Research >> Economics
4Q2018 Current Account Deficit Increased
The U.S. current-account deficit increased to $134.4 billion (preliminary) in the fourth quarter of 2018 from $126.6 billion (revised) in the third quarter of 2018, according to statistics released by the Bureau of Economic Analysis (BEA). The deficit was 2.6 percent of current-dollar gross domestic product (GDP) in the fourth quarter, up from 2.5 percent in the third quarter. The previously published current-account deficit for the third quarter was $124.8 billion.
Exports of goods and services and income receipts increased $4.1 billion in the fourth quarter to $934.3 billion.
- Primary income receipts increased $5.6 billion to $271.9 billion, primarily reflecting increases in portfolio investment income and in other investment income. A decrease in direct investment income partly offset the increases. For more information on direct investment income, see the box "Effects of the 2017 Tax Cuts and Jobs Act on Components of the International Transactions Accounts."
- Services exports increased $2.1 billion to $209.3 billion, mostly reflecting increases in other business services, primarily professional and management services, in travel (for all purposes including education), primarily personal travel, and in financial services.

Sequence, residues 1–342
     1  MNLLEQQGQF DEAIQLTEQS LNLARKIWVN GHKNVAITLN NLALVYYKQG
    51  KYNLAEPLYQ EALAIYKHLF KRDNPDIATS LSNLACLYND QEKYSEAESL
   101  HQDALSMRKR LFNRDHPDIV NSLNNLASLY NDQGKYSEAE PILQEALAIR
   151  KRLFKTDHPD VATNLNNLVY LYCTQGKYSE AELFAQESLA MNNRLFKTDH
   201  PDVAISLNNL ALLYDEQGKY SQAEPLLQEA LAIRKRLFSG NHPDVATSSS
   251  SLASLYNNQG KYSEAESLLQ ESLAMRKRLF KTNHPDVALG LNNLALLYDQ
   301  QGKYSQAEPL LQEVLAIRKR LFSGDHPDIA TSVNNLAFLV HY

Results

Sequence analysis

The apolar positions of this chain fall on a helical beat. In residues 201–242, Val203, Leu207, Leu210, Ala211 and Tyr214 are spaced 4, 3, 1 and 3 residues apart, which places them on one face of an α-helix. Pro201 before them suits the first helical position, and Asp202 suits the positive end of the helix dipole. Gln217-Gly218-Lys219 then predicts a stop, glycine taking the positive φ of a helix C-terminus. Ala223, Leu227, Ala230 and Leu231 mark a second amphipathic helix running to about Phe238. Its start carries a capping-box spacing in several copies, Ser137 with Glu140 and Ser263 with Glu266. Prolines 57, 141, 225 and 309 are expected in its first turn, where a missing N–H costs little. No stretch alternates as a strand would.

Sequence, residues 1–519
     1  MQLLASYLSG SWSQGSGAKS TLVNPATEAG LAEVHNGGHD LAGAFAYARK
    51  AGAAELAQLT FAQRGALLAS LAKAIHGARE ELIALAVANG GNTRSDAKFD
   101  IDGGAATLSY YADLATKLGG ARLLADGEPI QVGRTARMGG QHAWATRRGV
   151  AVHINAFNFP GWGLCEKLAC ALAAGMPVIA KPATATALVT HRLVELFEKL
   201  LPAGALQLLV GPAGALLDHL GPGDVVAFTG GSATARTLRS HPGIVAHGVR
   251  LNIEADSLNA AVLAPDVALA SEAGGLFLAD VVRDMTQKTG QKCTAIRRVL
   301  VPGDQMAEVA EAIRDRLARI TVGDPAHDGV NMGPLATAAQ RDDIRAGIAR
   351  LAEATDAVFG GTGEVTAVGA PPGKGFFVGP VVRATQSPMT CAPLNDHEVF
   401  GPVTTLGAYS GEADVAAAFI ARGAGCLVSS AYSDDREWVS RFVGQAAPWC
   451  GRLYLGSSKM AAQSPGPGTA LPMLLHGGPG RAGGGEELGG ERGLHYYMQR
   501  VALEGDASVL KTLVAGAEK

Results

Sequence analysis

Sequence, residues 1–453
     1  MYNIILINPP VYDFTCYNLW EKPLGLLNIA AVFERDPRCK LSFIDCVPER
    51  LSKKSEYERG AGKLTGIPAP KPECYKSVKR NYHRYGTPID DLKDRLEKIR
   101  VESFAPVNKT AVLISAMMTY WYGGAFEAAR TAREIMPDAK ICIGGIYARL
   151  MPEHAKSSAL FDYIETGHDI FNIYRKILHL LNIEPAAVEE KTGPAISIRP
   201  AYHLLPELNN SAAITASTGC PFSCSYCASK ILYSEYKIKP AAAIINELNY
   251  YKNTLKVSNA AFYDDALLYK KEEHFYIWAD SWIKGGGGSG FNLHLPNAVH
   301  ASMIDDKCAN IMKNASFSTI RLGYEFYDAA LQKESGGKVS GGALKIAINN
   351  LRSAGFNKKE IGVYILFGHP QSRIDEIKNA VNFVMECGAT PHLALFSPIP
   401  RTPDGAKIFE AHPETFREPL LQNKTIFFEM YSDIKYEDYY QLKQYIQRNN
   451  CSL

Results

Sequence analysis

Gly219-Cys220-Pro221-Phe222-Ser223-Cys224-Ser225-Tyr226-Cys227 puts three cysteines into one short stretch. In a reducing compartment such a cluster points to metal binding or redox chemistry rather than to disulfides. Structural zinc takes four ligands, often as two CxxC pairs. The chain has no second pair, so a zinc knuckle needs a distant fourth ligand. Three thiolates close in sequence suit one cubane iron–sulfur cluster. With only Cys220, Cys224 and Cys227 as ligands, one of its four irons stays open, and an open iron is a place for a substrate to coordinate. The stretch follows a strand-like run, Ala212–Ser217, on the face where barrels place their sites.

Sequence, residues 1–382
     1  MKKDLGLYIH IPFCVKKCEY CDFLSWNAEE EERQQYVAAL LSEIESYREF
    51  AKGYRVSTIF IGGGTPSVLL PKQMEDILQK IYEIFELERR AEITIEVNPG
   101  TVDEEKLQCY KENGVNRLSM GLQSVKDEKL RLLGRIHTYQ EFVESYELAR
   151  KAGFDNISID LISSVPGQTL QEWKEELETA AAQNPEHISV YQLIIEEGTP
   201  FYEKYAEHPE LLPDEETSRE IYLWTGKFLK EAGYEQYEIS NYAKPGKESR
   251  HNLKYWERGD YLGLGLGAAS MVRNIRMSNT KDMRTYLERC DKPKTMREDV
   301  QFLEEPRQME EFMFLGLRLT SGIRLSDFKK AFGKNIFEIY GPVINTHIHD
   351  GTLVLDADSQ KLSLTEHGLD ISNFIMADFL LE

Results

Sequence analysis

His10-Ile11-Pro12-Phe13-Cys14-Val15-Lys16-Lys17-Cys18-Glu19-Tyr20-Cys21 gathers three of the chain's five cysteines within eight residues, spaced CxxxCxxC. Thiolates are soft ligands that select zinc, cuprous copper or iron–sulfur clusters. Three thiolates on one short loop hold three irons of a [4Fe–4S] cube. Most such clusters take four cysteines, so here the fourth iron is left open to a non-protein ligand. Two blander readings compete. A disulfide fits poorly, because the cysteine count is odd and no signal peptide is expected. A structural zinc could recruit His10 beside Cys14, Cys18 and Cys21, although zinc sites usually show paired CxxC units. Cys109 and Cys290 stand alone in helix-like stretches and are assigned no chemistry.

- Goods exports decreased $3.7 billion to $416.1 billion, mainly reflecting a decrease in foods, feeds, and beverages, mostly soybeans.
Imports of goods and services and income payments increased $11.8 billion in the fourth quarter to $1.1 trillion.
- Primary income payments increased $5.5 billion to $211.5 billion, mainly reflecting increases in other investment income and in portfolio investment income.
- Services imports increased $3.4 billion to $143.2 billion, mostly reflecting increases in travel (for all purposes including education), primarily personal travel, and in transport, primarily sea freight transport and air passenger transport.
- Secondary income payments increased $3.0 billion to $64.8 billion, mostly reflecting an increase in U.S. government grants.
Posted: March 27, 2019 Wednesday 10:00 AM